BSP chief: Bank reserves may be halved ‘eventually’ | Inquirer Business

BSP chief: Bank reserves may be halved ‘eventually’

By: - Business Features Editor / @philbizwatcher
/ 02:28 AM August 24, 2023

MANILA  -Bangko Sentral ng Pilipinas (BSP) Governor Eli Remolona Jr. wants to bring down the reserve requirement on banks—which at 9.5 percent is still higher than most peers in Southeast Asia—possibly starting later this year when consumer price risks have subsided.

Remolona said that, ideally, the reserve requirement ratio should be “zero” like in the United States.

When asked how low it realistically could go in the Philippines, he said “eventually” 5 percent would be possible.


In a previous meeting with bankers, the new BSP chief had signaled this goal to significantly reduce the ratio, which is computed against banks’ deposits and deposit substitutes and therefore represents the amount of money that can’t oil the economy while simultaneously increasing the intermediation cost of banks.


On banks’ desire to see a 5-percent ratio, Remolona said he had not stated any such hard target but agreed that this level would be “eventually possible.”

“It’s not a monetary policy move but the timing of it should not detract from monetary policy. So if we’re tightening, we shouldn’t lower the reserve requirement. But that’s my goal: to lower the reserve requirement eventually when the time is right,” he said in a chat with editors on Tuesday night.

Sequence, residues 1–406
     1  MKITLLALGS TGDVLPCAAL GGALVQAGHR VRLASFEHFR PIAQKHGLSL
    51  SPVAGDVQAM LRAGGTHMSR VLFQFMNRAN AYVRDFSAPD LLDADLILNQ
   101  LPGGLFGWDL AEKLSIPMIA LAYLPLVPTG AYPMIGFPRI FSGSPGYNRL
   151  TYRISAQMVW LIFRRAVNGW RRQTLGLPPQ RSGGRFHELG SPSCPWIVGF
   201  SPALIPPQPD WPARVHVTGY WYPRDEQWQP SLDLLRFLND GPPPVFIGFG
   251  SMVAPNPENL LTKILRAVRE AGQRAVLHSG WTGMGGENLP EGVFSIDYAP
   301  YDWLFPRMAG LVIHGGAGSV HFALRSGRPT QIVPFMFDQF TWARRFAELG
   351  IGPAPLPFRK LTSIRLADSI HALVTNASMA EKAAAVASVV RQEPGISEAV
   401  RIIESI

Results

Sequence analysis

Although the BSP has significantly reduced the reserve requirement in recent years, the ratio remained much higher than the levels seen elsewhere in the region. The ratio is only at 2 percent in Malaysia, 1 percent in Thailand and 3 percent in Vietnam. The country’s ratio is comparable with Indonesia’s 9 percent.

Not a monetary tool

Here in the country, Remolona said there’s still that perception that reserve requirement was an effective tool to control money supply. While the new BSP chief agrees that inflation targeting remains the appropriate framework for an emerging market like the Philippines, he suggests the need to study the merits of this mechanism as part of the monetary arsenal. He favors freeing up more of the money that banks otherwise have to keep as reserves and if necessary, just mop up if there’s any excess liquidity using the BSP’s overnight reverse repurchase facility.

The first reserve requirement reduction under his term as central bank chief may happen “later in the year” when it ends its monetary tightening cycle. For now, the BSP is not in a rush to cut interest rates.

“We’re in, I would say, a hawkish stance, which means either we pause or we raise [interest rates]. For the time being, that’s where we are because we are not yet within the [inflation] target range. When that starts to look okay, we can begin to think of easing, but that’s not on our radar screen at the moment,” Remolona explained.

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TAGS: Bangko Sentral ng Pilipinas (BSP), Eli Remolona Jr.

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